Metaculus Help: Spread the word
If you like Metaculus, tell your friends! Share this question via Facebook, Twitter, or Reddit.
Vaccine update due to mutation?
Cross-posted on Metaculus: Pandemics.
There are already several notable variants of SARS-COV-2 circulating, two of the highest profile are described below.
In Early November 2020, a variant strain was identified in Denmark as having an association with mink farming. This led to the immediate cull of all Danish farmed mink (more than 17 million) including breeding stock.
On 16 December 2020, the British Medical Journal (BMJ) published a briefing on VUI-202012/01, a variant of SARS-COV-2 consisting of 17 mutations, including N501Y, a mutation in the spike protein. Three days later, in response, UK Prime Minister Boris Johnson announced a new set of national restrictions, including a "Tier 4" full lockdown across the southeast, and considerable curtailment of the plans to ease restrictions for 5 days over the Christmas period.
It is at least in principle possible that a mutation to SARS-COV-2 could reduce the efficacy of current vaccines.
This question asks:
Will Moderna, Pfizer/BioNTech, or Oxford/AstraZeneca start producing an updated vaccine targeting a SARS-CoV-2 variant before 2023?
This question resolves positively if and only if there is a credible media report before 2023 that Moderna, Pfizer, BioNTech, University of Oxford, or AstraZeneca have produced at least one dose of an updated vaccine targeting SARS-CoV-2 (COVID-19). The report must mention that one reason for the update was a mutation. The dose does not have to be administered, and no trials need to be planned.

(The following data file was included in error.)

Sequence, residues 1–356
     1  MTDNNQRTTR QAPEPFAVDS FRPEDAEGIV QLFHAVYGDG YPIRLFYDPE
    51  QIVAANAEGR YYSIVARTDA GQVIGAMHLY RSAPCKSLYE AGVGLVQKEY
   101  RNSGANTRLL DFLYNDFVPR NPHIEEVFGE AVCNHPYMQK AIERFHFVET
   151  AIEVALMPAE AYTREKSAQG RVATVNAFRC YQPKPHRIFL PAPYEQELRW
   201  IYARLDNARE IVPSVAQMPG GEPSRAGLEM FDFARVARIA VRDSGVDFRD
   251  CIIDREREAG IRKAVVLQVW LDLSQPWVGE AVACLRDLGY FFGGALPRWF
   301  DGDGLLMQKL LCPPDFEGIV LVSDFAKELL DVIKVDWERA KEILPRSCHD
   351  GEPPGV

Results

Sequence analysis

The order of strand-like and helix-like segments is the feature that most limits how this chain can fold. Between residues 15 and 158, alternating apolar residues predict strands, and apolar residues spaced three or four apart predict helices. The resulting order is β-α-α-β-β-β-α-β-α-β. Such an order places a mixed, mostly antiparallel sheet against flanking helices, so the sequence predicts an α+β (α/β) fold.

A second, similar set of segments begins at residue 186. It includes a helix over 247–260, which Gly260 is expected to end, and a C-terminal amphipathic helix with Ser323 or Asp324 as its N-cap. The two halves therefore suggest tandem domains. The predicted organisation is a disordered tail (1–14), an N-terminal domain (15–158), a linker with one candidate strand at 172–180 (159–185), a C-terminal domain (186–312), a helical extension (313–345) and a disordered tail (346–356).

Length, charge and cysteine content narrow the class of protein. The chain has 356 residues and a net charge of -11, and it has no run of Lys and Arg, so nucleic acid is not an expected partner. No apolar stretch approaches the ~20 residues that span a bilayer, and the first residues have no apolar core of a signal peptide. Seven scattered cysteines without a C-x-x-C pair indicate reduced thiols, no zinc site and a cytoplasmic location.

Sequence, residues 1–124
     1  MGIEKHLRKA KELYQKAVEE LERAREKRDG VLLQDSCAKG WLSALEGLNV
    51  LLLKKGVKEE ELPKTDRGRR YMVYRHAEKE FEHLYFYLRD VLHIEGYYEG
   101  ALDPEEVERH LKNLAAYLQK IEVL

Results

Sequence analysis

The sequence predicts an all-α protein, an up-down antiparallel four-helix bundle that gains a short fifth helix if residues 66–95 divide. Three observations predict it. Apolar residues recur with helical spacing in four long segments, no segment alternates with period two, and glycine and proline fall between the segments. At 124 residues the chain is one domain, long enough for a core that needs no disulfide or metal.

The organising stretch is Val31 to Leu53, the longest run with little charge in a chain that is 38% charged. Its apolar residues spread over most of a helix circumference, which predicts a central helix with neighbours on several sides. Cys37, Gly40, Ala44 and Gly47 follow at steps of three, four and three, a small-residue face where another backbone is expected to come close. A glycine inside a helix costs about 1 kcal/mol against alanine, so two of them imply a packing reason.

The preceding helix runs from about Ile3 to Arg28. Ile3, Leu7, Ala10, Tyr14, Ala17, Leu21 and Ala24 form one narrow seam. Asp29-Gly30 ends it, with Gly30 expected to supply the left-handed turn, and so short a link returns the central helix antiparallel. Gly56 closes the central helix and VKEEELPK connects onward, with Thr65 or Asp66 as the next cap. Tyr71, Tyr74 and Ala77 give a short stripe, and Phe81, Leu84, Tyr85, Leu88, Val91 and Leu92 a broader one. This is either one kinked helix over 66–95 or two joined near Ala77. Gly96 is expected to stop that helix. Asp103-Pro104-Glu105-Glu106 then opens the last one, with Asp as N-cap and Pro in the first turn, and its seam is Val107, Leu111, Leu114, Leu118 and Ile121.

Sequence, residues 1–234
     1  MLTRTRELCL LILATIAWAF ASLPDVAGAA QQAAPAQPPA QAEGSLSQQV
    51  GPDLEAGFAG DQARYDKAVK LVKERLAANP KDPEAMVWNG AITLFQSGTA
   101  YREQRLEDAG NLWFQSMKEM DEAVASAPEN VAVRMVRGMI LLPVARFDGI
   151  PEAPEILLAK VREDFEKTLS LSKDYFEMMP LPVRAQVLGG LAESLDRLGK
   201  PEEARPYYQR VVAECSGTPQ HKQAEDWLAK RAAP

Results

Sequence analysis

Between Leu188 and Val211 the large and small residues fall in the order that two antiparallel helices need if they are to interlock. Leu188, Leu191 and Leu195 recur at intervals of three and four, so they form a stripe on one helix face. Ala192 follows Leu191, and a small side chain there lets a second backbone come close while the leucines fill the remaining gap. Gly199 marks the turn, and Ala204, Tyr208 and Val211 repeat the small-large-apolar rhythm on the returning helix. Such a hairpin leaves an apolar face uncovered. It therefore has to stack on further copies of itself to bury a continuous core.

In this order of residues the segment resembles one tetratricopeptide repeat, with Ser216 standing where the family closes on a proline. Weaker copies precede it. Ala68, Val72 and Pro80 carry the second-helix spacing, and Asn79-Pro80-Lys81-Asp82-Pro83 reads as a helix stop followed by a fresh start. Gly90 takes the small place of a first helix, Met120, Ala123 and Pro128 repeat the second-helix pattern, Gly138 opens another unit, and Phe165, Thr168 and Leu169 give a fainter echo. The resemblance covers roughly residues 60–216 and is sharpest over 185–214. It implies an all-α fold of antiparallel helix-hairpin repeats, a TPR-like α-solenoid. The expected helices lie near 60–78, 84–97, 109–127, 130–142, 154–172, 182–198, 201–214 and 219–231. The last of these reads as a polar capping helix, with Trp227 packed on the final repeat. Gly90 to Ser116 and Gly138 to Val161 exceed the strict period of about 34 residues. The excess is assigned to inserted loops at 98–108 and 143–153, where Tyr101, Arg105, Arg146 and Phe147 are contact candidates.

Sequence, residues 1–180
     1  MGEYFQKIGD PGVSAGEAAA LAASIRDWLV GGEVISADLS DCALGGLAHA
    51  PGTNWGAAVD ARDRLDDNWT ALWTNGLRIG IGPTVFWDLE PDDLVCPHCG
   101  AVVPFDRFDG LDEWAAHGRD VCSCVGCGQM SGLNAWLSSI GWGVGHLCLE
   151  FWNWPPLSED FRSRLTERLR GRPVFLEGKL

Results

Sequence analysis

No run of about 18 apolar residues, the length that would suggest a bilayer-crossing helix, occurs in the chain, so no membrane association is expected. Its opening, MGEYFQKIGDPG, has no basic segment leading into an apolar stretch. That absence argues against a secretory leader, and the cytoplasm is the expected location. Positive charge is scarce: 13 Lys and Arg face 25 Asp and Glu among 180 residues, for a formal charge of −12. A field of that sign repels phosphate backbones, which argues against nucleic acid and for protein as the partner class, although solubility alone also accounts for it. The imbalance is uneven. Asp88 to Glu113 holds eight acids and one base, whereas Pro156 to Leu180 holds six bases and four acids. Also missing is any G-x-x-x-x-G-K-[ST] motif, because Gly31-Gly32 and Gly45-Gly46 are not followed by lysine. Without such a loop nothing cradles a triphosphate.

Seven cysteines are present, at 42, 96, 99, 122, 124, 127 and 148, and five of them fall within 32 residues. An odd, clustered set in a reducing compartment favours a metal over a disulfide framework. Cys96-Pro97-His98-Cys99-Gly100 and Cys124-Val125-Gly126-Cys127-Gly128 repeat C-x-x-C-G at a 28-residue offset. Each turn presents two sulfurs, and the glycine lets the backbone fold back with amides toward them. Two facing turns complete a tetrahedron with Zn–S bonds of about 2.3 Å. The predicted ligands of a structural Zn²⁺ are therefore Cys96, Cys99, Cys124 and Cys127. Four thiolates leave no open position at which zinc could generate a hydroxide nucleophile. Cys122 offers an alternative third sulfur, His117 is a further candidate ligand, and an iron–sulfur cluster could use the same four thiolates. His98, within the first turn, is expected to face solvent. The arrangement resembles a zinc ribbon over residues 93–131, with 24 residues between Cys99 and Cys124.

The report can mention more than one reason for updating the vaccine, as long as one of those reasons is a mutation.
The vaccine does not need to be approved before the resolution date.
Some of these vaccines were developed in a partnership between two companies. The updated vaccine doesn’t need to be part of the same partnership. For example, if AstraZeneca starts working on an updated vaccine independently, that is sufficient for positive resolution.
Metaculus help: Predicting
Predictions are the heart of Metaculus. Predicting is how you contribute to the wisdom of the crowd, and how you earn points and build up your personal Metaculus track record.
The basics of predicting are very simple: move the slider to best match the likelihood of the outcome, and click predict. You can predict as often as you want, and you're encouraged to change your mind when new information becomes available.
The displayed score is split into current points and total points. Current points show how much your prediction is worth now, whereas total points show the combined worth of all of your predictions over the lifetime of the question. The scoring details are available on the FAQ.
Note: this question resolved before its original close time. All of your predictions came after the resolution, so you did not gain (or lose) any points for it.
Note: this question resolved before its original close time. You earned points up until the question resolution, but not afterwards.
This question is not yet open for predictions.
Metaculus help: Community Stats
Use the community stats to get a better sense of the community consensus (or lack thereof) for this question. Sometimes people have wildly different ideas about the likely outcomes, and sometimes people are in close agreement. There are even times when the community seems very certain of uncertainty, like when everyone agrees that event is only 50% likely to happen.
When you make a prediction, check the community stats to see where you land. If your prediction is an outlier, might there be something you're overlooking that others have seen? Or do you have special insight that others are lacking? Either way, it might be a good idea to join the discussion in the comments.